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High in the hills: Famed sign changed to 'Hollyweed' -- again

By Doug G. Ware
High in the hills: Famed sign changed to 'Hollyweed' -- again
People take photos of the famous Hollywood Sign in Los Angeles in 2013. The sign was altered to read "Hollyweed" on Sunday morning by who police believe was a lone individual. The change follows numerous other occasions throughout the sign's history in which is was changed to read something different -- including the same thing, "Hollyweed," exactly 41 years ago. File Photo by Kevin Dietsch/UPI | License Photo

HOLLYWOOD, Jan. 1 (UPI) -- The new year also brought a new sight for residents of La La Land on Sunday.

The famous "Hollywood" sign in the hills over Los Angeles read slightly differently -- "Hollyweed."

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Someone made the changes to the iconic Los Angeles landmark by obscuring parts of the double-'o' to make them appear as a double-'e.'

The Los Angeles Police Department, which has jurisdiction over the sign, said surveillance video has indicated that a lone individual made the change.

Incidentally, this isn't the first time the sign read "Hollyweed." The same change was made exactly 41 years ago, on the same date -- New Year's Day -- in 1976 by an art student as part of a project assignment. That was also the day California law changed to make possession of marijuana, up to an ounce, a misdemeanor rather than a felony.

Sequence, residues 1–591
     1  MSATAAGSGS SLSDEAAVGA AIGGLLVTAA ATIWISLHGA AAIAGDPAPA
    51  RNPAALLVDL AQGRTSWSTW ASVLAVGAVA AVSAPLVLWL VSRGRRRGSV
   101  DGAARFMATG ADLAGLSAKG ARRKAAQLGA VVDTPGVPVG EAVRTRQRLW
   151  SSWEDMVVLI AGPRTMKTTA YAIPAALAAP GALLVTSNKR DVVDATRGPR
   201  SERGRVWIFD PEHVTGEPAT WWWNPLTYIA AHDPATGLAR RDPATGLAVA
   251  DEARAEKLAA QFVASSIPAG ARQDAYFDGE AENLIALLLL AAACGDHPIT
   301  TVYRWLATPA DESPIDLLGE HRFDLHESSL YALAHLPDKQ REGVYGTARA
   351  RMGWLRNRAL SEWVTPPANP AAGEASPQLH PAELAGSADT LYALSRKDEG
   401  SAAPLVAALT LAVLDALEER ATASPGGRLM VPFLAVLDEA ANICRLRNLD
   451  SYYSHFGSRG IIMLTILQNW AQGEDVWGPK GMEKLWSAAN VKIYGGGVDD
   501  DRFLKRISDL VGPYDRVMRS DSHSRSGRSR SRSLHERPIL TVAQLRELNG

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The famous signage, in fact, has been altered numerous times since it was first built on the hill overlooking Tinseltown in 1923. Other creative rapscallions have covered parts of the sign to spell out the words, "Holywood" in 1977 and 1987, "Go Navy" in 1983, "Ollywood" in 1987, "Oil War" in 1990, and "Go UCLA " in 1993.

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The now-legendary sign, though, wasn't erected as a landmark. Rather it started as an advertisement for a new housing development in the area called "Hollywoodland.' The sign was only intended to stay up there for 18 months.

The "land" part of the sign was dropped in 1949 and it became synonymous with Los Angeles in the years that followed.

The sign almost entirely crumbled by the mid-1970s -- at one point missing the upper right corner of the first 'O' and the second O' entirely -- until it was restored by the city with help from private donors, and was returned to pristine condition.

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